With fun names, bright colors and sleek packaging, e-cigarettes are designed to look appealing. Don’t be fooled—they’re full of nicotine and can be highly addictive. Vapes and e-cigarettes heat a liquid that contains harmful chemicals into an aerosol, which is then inhaled. This liquid is sold in irresistible flavors, which helps a dangerous product appear deceivingly harmless. 99% of e-cigarettes contain nicotine, making them highly addictive.

The Facts

In Utah, approximately 10.5% of high school students report using e-cigarettes; that’s 5x more than 2011. Approximately 4.8% of Utah adults use e-cigarettes. Rather than helping to reduce the number of smokers, e-cigarettes are increasing the overall number of people who use tobacco products in the United States, according to a recent CDC report. E-cigarettes and vapes have not been approved by the CDC as a cessation device.

 

Cigars

A cigar is a roll of tobacco wrapped in leaf tobacco, unlike cigarettes, which are wrapped in paper. There are three types of cigars sold in the United States: large cigars, cigarillos and little cigars. Cigars contain the same toxic and carcinogenic compounds found in cigarettes and are not a safe alternative to cigarettes. In 2015, more high school boys in the United States smoked cigars than cigarettes.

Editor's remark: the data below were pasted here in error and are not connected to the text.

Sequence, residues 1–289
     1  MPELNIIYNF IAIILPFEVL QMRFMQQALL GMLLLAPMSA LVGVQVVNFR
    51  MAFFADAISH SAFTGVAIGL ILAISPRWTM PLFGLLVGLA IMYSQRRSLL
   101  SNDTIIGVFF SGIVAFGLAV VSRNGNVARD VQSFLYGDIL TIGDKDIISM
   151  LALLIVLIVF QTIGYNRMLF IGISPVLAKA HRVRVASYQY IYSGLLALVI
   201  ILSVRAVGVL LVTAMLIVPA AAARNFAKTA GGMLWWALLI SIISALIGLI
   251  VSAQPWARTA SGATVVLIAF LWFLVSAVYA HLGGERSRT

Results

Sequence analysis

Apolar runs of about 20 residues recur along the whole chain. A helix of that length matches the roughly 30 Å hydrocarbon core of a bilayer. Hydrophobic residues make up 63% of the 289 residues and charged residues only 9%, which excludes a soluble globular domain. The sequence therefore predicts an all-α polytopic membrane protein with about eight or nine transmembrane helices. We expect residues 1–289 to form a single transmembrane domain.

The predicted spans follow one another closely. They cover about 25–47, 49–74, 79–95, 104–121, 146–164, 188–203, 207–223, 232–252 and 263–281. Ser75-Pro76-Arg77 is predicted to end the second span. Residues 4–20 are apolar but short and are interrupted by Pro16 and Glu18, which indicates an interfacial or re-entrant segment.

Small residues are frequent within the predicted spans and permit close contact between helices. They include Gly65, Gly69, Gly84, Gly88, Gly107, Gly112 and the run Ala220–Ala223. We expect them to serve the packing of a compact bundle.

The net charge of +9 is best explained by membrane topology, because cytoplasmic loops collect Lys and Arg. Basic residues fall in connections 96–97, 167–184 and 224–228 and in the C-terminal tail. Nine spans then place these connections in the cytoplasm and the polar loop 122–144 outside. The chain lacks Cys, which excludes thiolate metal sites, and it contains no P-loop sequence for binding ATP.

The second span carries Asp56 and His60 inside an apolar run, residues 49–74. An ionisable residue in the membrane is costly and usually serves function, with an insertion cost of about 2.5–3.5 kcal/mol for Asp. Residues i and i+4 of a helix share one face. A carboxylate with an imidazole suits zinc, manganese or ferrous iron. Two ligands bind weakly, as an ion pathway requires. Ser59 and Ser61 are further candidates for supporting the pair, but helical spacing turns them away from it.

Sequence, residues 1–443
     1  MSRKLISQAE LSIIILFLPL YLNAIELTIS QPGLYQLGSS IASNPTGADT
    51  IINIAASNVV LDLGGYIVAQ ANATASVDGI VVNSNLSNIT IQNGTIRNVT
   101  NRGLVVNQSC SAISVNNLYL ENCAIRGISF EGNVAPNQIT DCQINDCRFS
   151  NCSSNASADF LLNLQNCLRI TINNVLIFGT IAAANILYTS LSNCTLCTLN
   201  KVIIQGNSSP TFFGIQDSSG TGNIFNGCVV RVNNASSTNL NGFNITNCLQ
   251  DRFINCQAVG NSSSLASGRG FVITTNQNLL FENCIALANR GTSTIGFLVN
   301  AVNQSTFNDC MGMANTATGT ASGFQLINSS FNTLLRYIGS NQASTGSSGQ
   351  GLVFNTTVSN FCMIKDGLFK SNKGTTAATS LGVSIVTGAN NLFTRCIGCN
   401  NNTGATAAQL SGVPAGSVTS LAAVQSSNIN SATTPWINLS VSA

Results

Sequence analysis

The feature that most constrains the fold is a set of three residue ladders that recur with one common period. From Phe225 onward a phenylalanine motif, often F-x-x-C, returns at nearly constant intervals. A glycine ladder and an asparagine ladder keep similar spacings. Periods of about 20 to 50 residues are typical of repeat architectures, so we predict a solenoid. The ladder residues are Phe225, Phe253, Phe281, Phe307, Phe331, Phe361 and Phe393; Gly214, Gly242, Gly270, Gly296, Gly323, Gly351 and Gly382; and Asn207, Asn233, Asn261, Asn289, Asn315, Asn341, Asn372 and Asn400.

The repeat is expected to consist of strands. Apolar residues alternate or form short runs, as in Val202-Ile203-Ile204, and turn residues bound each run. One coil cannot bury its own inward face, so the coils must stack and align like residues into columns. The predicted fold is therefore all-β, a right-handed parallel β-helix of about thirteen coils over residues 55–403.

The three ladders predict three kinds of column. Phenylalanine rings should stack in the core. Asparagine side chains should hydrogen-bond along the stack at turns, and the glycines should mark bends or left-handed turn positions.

Benefits of Quitting


Learn How Your Body Heals

There are a lot of great reasons to quit tobacco, but the benefits to your body might be the best. When you quit tobacco, your body instantly starts to heal. Food will taste better, flowers will smell sweeter, and walking up the stairs will be easier. Quit today so your body can start its recovery tomorrow.

20 MINUTES

Your heart rate drops.

12 hours

The carbon monoxide level in your blood drops to normal.

2 WEEKS TO 3 MONTHS

Your heart attack risk begins to drop. Your lung function begins to improve.

1 to 9 months

Your coughing and shortness of breath decrease.

1 year

Your added risk of coronary heart disease is half that of a smoker’s

5 to 15 years

Your stroke risk is reduced to that of a nonsmoker’s.

10 years

Your lung cancer death rate is about half that of a smoker’s. Your risk of cancer of the mouth, throat, esophagus, bladder, kidney, and pancreas decreases.

15 years

Your lung cancer death rate is about half that of a smoker’s. Your risk of cancer of the mouth, throat, esophagus, bladder, kidney, and pancreas decreases.